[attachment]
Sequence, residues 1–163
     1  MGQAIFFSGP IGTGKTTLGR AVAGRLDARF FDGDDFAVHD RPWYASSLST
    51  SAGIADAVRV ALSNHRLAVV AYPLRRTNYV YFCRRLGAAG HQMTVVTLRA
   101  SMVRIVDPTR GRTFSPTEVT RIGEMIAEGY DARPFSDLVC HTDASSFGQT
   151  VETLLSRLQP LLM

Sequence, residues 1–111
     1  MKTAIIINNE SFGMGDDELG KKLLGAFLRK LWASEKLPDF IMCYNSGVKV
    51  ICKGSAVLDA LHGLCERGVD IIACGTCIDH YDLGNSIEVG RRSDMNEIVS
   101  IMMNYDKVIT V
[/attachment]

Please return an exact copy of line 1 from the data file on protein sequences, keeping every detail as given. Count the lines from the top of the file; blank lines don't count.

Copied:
Sequence, residues 1–163